Network: All mixed up, but still wondrous
My Technology; DJ Carl Cox tells why his sounds will never be `phased' out
Monday 05 October 1998
Most people have trouble using the left and right, up and down and the EQ - the graphic equaliser, bass and treble - and concentrate on what they are doing with the mix. I have that down to pat, so I'm looking at other ways in which I can be more creative.
This machine costs between pounds 800-pounds 1,000. Although a half-decent mixer without the special effects box would cost you about pounds 400, it could cost as much as pounds 2,000-3,000 to get all the effects separately. An example of built-in effects is a function to delay two records (a delay is when one record is a beat behind the other record). Normally, you would do this manually. But you can make the mixer do the work - it's like automatic driving.
There is also a phase effect which joins two signals together so you can flange two records at the same time. A flange is when a signal goes into the playing record and the flanger changes the frequencies, so you get a swirling effect. There are different styles of flanging. For example, with two records exactly the same, if you move one forward or back on a turntable, you can create an effect. Again, it could be done by hand, but it's hard.
The pitch shifter is the one thing you don't have access to on the decks. With this machine I can take a voice and pitch it down two octaves to make someone sound like Barry White, or up an octave for a Pinkie and Perky effect. The pitch shifter means you can have great fun with beats, rhythms, bass lines and sound when playing the record out. It changes the whole concept of the sound people are used to hearing. No other mixer has this effect. It's amazing. It allows me to push myself a bit more and be more wondrous.
I use the mixer according to the nature and aura of that particular night. Because of the my status, I can play Des O'Connor and they still dance. They know what to expect. But if I really push the elements and overuse the mixer, a lot of them aren't used to it.
When you DJ for an hour or hour and half, you get the feel of the crowd and can then start to get more creative. You never know what to do, but at some point it starts to feel comfortable and you might begin flanging or delaying a few things. People pick up on it, especially when listening to records they know.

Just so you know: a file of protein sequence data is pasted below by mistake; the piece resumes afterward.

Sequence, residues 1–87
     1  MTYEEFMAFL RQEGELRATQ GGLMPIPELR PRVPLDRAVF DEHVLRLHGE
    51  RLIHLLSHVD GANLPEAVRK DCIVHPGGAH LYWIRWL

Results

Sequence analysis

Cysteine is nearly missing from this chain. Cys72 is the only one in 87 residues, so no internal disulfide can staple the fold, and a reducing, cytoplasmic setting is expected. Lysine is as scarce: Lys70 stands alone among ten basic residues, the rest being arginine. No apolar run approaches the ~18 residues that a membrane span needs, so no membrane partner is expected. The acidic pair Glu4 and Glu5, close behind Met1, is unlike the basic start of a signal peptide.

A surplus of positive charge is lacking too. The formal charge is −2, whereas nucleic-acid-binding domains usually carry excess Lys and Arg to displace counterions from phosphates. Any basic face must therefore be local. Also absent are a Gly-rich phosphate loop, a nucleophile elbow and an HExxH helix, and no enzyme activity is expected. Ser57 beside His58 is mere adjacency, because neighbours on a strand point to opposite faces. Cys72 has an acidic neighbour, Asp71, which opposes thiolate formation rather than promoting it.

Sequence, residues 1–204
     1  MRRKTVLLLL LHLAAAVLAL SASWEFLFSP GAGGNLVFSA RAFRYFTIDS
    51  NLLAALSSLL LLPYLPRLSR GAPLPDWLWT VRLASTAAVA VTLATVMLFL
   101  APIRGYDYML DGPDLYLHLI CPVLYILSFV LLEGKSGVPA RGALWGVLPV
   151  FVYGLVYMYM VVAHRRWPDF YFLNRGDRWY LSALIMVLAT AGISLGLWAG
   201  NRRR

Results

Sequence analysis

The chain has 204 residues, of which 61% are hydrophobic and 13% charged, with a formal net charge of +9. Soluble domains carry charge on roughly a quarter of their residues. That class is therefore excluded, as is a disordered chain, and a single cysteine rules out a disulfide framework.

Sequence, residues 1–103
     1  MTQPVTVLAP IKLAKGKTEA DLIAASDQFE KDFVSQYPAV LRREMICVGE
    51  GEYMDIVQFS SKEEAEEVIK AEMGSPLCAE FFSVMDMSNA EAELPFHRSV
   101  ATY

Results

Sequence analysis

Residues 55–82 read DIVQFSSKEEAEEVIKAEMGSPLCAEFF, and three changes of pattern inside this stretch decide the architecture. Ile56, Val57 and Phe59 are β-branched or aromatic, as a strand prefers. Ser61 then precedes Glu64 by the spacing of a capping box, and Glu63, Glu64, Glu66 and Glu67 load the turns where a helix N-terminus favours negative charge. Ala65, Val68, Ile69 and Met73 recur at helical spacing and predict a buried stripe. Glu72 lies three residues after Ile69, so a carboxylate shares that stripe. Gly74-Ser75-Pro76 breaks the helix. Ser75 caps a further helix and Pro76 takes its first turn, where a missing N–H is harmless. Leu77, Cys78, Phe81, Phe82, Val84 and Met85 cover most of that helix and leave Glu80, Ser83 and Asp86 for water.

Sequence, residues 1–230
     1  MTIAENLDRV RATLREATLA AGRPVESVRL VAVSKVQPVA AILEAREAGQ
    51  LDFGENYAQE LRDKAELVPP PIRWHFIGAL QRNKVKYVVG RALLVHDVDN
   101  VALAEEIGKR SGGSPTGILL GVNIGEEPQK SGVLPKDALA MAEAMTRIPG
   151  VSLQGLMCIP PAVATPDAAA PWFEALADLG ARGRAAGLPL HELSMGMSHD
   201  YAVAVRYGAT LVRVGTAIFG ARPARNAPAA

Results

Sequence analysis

As soon as I heard about the DJ500 mixer I got on to it straight away. Normally I would think "not another mixer on the market". For instance, Pioneer has these CD players called CDJ500 which allow you to loop, sample and mix CDs.
You can DJ with CDs, but it's so much fuss. It's like operating a box of number configurations and it's very cold and calculating. Unless you are that way inclined, what comes out is quite mechanical. I have never seen anyone use CDs in a live situation when it worked well, and they tend to struggle. I just wouldn't be enjoying myself, which is the bottom line.
So this mixer in a sense has changed my perception of what a DJ can do live. And for me, having got used to it, it takes me a little bit beyond what many DJs can achieve.
If someone hears a record they know and you have done something to make them hear it differently, then people get interested in what you have created. It makes people think you are working for a living, and not just being a DJ who stands there.
Carl Cox will be appearing at the Lynx music event, Location Apollo, on 17 October. Further information is available on the Lynx hotline (0845 6000260)
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